Making a Difference
“In the U.S., the annual economic, indirect cost of mental illnesses is estimated to be at least $79 billion. Most of that amount—approximately $63 billion—reflects the cost of lost productivity. Mental illness causes more days of work loss and work impairment than chronic health conditions, such as diabetes, asthma, arthritis, back pain, hypertension, and heart disease.”
While this economic statistic may be difficult to fathom, what we do know clearly is through our work we can help each one of our participants—through self-directed and peer-supported care—move their recovery forward so they can engage in productive lives. Since our founding in 1951, Mental Health Partnerships has been at the forefront of of helping people with mental health challenges and their families on their path of healing.
In just the last year alone, we helped more than 3,500 people buoyed by the generosity of supporters like you.
As important as our work with families and individuals is, we’ve also made significant contributions through our advocacy and related work, including:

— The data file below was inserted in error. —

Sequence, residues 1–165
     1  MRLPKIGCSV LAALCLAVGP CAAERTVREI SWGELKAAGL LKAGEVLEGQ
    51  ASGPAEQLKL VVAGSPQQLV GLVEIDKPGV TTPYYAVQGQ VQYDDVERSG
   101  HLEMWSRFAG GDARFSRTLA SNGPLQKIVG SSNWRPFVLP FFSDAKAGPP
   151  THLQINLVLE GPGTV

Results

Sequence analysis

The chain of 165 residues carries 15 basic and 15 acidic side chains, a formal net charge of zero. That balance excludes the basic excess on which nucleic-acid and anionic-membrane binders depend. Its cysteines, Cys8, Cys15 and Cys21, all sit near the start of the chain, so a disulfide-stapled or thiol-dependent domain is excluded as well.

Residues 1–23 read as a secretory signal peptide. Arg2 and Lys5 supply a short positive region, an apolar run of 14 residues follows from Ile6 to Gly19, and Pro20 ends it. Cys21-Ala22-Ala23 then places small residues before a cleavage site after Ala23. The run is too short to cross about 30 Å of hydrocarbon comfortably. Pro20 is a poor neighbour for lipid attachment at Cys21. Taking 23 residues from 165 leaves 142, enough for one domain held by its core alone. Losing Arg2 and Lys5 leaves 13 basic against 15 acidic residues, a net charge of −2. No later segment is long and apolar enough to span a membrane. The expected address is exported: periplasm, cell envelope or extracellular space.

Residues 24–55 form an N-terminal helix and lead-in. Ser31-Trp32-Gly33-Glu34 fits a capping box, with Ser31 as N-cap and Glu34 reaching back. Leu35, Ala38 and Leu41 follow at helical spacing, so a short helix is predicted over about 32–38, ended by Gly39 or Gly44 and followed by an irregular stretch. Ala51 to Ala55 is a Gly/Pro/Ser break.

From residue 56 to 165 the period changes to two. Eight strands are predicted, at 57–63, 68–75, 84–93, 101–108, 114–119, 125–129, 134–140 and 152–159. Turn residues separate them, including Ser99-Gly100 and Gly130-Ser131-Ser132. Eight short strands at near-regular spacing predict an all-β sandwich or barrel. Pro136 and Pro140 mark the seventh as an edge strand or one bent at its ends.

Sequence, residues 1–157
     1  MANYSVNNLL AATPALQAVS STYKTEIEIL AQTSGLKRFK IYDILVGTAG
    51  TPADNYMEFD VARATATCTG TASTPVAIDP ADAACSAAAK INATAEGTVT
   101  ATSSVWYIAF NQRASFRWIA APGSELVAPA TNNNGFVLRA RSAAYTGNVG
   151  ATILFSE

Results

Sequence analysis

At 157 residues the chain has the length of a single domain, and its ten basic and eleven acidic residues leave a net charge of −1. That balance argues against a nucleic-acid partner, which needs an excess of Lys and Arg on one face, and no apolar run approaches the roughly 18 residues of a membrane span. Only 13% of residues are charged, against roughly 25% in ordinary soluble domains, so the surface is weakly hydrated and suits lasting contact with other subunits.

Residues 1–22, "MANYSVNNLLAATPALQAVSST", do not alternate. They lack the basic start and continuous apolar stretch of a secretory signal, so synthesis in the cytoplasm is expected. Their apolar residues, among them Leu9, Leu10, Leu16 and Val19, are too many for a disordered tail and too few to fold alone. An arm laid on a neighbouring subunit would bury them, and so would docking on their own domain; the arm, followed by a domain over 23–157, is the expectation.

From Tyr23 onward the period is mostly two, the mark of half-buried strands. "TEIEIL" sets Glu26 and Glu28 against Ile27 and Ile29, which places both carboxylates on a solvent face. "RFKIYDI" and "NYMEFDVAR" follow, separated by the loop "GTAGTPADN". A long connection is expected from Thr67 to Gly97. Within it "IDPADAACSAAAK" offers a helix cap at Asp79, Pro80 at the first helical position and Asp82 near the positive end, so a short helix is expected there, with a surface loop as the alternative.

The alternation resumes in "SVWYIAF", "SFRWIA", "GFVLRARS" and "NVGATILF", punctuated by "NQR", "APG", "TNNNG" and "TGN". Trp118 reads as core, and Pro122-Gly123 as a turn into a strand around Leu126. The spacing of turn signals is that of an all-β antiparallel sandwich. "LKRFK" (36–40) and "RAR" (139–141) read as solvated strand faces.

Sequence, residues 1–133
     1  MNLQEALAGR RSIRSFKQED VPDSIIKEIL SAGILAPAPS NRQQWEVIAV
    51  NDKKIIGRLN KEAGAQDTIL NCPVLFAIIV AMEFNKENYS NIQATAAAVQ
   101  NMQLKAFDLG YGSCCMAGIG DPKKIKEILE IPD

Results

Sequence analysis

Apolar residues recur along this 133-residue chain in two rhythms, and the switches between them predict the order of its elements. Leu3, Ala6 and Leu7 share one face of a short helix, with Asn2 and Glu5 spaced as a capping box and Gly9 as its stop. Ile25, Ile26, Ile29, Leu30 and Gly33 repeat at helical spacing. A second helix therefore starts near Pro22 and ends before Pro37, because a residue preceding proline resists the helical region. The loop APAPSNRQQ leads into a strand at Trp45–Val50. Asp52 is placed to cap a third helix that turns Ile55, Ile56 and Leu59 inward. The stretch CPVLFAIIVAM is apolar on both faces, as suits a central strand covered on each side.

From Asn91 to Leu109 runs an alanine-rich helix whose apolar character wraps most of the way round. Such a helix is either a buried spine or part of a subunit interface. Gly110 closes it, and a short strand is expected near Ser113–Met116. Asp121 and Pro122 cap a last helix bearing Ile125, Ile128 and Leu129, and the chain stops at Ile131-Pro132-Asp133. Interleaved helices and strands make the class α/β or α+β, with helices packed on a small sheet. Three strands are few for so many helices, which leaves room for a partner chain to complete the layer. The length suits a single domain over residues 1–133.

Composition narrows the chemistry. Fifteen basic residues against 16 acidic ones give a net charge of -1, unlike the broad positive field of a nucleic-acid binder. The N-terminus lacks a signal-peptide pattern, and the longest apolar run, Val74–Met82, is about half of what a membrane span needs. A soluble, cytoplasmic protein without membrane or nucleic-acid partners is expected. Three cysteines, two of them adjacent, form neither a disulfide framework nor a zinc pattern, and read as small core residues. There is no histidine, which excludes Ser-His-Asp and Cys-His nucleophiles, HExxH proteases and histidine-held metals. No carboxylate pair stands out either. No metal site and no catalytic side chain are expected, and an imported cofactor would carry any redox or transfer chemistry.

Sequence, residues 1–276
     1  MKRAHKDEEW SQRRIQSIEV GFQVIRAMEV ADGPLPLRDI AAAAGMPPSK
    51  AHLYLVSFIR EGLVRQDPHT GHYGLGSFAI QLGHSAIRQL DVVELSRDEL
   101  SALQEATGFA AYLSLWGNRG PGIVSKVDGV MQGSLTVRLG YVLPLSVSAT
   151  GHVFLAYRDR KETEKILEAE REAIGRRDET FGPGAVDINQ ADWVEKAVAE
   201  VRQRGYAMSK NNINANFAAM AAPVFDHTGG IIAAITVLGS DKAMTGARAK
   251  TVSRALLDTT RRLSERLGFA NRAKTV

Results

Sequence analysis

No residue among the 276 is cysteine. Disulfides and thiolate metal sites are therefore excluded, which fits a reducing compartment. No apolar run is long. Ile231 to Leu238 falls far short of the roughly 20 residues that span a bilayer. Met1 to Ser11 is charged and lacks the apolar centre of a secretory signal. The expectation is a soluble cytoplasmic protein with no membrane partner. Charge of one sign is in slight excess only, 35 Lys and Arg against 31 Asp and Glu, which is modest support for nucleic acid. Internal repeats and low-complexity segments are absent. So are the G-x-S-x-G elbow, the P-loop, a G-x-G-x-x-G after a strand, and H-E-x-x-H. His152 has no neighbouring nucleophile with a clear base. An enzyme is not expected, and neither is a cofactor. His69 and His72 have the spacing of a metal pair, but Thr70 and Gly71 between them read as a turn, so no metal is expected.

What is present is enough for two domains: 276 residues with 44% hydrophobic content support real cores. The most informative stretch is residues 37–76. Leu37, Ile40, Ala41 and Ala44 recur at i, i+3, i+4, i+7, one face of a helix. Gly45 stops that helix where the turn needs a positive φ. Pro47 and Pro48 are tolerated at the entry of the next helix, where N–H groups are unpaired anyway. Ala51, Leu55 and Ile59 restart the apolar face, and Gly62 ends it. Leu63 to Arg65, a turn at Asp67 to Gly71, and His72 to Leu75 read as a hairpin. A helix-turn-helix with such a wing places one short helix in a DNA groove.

- Ending the warehousing of mental health patients at ineffective state mental hospitals, including Philadelphia State Hospital and Haverford State Hospital. By helping people released from these hospitals establish successful lives in the community, we were instrumental in transforming Pennsylvania’s mental health delivery system from a hospital-dependent one to a community-based mental health system.
- We partnered with Temple University on the Collaborative on Community Inclusion, funded by the National Institute on Disability and Rehabilitation Research, which promotes community integration for individuals with psychiatric disabilities.
- We were a leader in the advocacy initiative that resulted in the Philadelphia Police Department’s adoption of the Crisis Intervention Team model, which has also been instituted in numerous communities around the United States.